Ron McFarlin / self-titled 3rd LP
Any discussion of Hollywood-based country rocker Ron McFarlin by a snotty record collector like myself will get around to Kenneth Higney comparisons pretty quickly. Same burnt, boozy sound; same peculiar sense of rhythm; similar downer lyrics that don’t always make sense; hell, they even look alike. Well, there’s only one Higney, but I like Ron McFarlin a lot and I like what he stands for.
The reason I like Ron McFarlin is because he sort of embodies the Hollywood I know. He wants to be a star, or at least a working songwriter. He wears his ambitions on his sleeve as clearly and poignantly as Higney does, and that’s his appeal — guts and glory in the face of overwhelming odds, tempered with a knowing pessimism. In almost every song, you can hear two opposing forces — the longing for fame and fortune and the nagging sense that it’s not going to happen. You can experience this dynamic most brilliantly in Higney’s ‘Rock Star,’ but it’s also all over the two McFarlin records I’ve heard. His worst songs are the love songs, the imitative canned emotions clogging top 40 radio. Some of these tracks are simply uninspired. But in his best work, the cynicism wins out, and McFarlin blasts you with a world-weary rage that comes off (at first, anyway) as so over the top that you just want to laugh. Check out ‘Skid Row USA’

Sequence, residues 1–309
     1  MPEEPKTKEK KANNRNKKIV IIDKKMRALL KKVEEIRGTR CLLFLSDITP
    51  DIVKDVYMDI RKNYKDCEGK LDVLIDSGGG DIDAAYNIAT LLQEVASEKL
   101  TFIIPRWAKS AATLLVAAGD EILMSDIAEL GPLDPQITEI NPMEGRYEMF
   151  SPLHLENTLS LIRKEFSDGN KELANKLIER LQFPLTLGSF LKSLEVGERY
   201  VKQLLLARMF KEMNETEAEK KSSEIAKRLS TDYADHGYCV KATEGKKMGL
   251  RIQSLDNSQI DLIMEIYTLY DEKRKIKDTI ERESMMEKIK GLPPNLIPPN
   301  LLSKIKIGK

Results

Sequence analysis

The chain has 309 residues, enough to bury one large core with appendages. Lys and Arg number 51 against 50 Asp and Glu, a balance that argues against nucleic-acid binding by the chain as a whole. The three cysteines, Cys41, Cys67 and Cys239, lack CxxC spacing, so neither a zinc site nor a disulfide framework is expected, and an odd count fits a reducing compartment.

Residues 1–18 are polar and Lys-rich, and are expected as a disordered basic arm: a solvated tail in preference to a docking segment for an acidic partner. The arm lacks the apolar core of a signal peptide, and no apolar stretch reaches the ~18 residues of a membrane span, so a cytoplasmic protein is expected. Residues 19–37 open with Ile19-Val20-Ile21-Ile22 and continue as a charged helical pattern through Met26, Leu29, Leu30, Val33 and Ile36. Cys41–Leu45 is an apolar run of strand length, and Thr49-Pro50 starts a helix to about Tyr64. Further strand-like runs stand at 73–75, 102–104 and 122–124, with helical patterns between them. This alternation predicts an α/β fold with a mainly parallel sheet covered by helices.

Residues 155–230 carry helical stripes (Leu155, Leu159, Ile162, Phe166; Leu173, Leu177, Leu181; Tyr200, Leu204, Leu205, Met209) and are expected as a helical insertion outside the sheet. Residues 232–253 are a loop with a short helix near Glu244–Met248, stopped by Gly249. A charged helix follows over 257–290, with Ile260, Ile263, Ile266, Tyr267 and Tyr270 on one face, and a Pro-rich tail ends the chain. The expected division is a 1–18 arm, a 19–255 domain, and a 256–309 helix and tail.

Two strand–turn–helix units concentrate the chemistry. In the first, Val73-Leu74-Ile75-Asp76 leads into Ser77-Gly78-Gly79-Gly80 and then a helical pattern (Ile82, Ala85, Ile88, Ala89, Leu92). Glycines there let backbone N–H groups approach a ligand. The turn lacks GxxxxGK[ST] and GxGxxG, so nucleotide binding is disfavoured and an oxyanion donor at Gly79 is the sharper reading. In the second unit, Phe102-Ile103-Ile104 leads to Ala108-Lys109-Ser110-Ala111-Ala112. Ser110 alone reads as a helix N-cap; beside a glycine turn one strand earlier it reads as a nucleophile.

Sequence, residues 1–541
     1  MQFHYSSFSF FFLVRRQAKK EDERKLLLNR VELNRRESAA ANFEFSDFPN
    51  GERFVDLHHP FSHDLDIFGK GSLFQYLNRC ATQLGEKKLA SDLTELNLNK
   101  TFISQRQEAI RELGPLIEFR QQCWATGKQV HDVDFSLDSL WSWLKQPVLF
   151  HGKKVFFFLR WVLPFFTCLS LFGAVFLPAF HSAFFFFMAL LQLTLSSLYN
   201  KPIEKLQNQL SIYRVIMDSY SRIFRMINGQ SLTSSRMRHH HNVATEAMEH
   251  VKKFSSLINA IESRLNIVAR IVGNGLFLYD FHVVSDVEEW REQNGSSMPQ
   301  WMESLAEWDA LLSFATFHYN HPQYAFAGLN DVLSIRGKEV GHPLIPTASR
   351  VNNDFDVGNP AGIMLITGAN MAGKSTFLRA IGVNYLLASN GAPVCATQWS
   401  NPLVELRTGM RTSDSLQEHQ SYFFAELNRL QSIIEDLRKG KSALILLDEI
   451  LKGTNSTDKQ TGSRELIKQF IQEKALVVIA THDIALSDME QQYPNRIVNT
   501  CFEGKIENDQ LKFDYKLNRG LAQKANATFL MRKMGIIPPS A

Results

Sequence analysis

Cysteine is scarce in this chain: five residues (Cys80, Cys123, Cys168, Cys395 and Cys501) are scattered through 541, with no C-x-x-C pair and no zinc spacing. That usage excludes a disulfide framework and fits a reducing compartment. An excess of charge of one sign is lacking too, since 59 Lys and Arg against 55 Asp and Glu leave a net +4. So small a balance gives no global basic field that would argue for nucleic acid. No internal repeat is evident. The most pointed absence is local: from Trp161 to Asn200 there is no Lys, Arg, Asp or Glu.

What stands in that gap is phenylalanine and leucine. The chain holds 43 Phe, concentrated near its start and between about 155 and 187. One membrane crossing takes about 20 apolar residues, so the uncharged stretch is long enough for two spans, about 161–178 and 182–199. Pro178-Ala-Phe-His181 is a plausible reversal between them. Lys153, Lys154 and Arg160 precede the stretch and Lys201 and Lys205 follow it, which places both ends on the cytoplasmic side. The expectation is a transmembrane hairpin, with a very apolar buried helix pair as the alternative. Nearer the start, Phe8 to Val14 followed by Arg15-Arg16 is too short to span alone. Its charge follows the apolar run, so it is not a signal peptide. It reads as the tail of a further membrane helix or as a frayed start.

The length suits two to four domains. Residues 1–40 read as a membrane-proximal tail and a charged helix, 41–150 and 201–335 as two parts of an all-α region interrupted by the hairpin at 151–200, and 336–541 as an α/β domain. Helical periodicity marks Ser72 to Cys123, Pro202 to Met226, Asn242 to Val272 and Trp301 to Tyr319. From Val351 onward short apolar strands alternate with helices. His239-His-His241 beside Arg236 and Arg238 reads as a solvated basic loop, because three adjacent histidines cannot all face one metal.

You can have your bills
and your false security.
It’s bums and the bars
on skid row for me.
His records are full of this sort of simple poetry, backed by a band who may or may not have any personal investment in the product, but sung by someone who sounds like he’s actually been there.
I’m not a fan of labels like and “real people” and “outsider music.” They are descriptive and useful, but they’re also lazy and marketing driven, and stuff complex artists into simple little boxes. That said, those terms were created to describe the weird sounds of people like Ron McFarlin.